Simple GTD for Moms

Simple GTD for Moms: The Top 3 Card

Hopefully you have used the Simple GTD for Moms system to load almost all of your tasks and projects into your system – whether that’s on paper or on your phone.  What do you do with them now?  You can’t do all of these things at once and you likely can’t do them all today or even this week.  So how do you decide what to do first?

This is the challenge that I faced with the Getting Things Done (GTD) system.  I didn’t feel that there was a plan for deciding what to do or to encourage focus in my day.  So today I’m going to write about a short routine that I use to keep my time and energy focused intentionally on the things that are important to me.  Is it perfect?  No.  Do I EVER follow a rabbit trail on Facebook?  Yes.  But this system works for me because I can look back at my day and say with conviction that I moved the ball forward on at least 3 things that I truly feel God is calling me to do.

First let me encourage you to spend only 5-10 minutes on this process.  Don’t overthink it and certainly don’t let it stress you out.

It will get easier if you do it each day.   But if it takes you 30 minutes to do it, you won’t do it every day!  So don’t get bogged down with the details or worrying if you’re “doing it right”.

Also remember that this is MY system, but YOUR system has to work for you.  Make it your own.  If you like to doodle or use colored pens to make it pretty, go for it.  If you want to color code your tasks, try it and see what you think. (And definitely let me know how it went – color coding might help me too.)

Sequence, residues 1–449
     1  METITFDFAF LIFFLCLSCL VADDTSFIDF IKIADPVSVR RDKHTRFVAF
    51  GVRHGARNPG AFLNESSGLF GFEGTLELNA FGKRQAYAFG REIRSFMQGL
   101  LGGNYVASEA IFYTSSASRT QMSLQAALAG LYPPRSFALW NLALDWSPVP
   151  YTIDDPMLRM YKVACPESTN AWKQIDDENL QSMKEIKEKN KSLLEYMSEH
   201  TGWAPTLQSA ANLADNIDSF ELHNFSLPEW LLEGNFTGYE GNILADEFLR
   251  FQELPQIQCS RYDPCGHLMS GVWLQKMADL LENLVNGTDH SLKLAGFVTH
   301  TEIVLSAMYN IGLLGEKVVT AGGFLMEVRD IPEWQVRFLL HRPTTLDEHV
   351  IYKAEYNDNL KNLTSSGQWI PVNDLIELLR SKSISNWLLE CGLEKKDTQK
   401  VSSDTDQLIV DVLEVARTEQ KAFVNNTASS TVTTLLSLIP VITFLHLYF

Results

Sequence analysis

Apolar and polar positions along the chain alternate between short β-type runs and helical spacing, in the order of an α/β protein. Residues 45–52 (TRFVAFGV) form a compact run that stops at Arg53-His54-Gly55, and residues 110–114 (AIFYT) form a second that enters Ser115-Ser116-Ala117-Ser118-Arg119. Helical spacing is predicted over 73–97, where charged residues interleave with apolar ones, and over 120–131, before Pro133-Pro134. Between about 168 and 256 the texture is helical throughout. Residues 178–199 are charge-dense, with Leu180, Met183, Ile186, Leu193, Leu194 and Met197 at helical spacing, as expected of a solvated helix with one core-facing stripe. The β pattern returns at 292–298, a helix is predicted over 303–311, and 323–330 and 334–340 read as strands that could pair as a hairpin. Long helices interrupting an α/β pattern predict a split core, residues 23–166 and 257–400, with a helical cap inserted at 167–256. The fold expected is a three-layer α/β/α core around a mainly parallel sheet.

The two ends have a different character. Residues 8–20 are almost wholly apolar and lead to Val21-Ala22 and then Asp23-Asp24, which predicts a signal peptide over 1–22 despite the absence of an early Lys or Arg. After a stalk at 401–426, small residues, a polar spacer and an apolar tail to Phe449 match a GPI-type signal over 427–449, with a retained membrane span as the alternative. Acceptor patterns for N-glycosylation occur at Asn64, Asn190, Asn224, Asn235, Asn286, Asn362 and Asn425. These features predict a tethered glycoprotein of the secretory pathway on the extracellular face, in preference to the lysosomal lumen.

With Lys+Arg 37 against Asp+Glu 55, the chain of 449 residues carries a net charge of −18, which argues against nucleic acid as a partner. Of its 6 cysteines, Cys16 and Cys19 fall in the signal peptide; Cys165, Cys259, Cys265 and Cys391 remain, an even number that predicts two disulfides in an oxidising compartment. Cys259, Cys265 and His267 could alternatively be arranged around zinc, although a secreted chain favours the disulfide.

I find it helpful to create my Top 3 Card early in the morning before my family is awake.  And lately I have also experimented with making it at night before I go to bed.  Choose a time when you can think and focus for a short amount of time.

The key concept here is just to spend a few minutes each day making a plan that is clear and that you can refer to often – without picking up your phone.

I use an index card and draw a vertical line down the middle of the lined side to divide it.

The left side is for tasks.

Top 3 Card Tasks

  1. Write down the few things that come to mind that you know you want to or should do today.  If it’s just part of your routine and you don’t really need a reminder to do it, there’s no need to write it.  If you always exercise on Tuesdays and you don’t feel like it needs to be on your list, don’t add it.

  2. Go through all of your action items, one context at a time, and add 1-2 items from each that you’d like to do today.  For some contexts, you might not need or want to do anything today.  Or perhaps this is a busy day and you know your schedule is packed already so you’ll only have time to do a couple of items from your Phone Calls list and maybe something from Computer.  Don’t overload your list.  But you should at least read through each context’s list each day to make sure you’re not missing anything important.  
  3. Once you run out of lines, STOP.  If you finish ALL of these tasks today, you should first break out some wine and chocolate.  Then go back to your contexts and pull more.  This has never happened to me.
  4. Prioritize your tasks.  There’s no need to overthink this – especially at first – and there is no one perfect way to do it.  If you have thought about your priorities and have a framework for that, then use it.  If not, now is not the time!  Just assign your items an A, B,or C priority based on gut check and move on (Hint:  Every task is NOT an A.  You should have some B’s and C’s in there too.).  Later, check out my next post on prioritization and/or the book Living Forward when you are ready to spend some more time on prioritizing.
  5. Sequence your tasks based on priority.  Give each task a number, starting with 1, and continue until they all have an assigned number.

The right side is for your plan.

Top 3 Card Plan

  1. Write in the hours that are your busiest.  I list from 7AM – 5PM or I do sometimes use 4×6 index cards so that I can list 7AM-8PM.  But for now, just use a card or piece of paper that you have.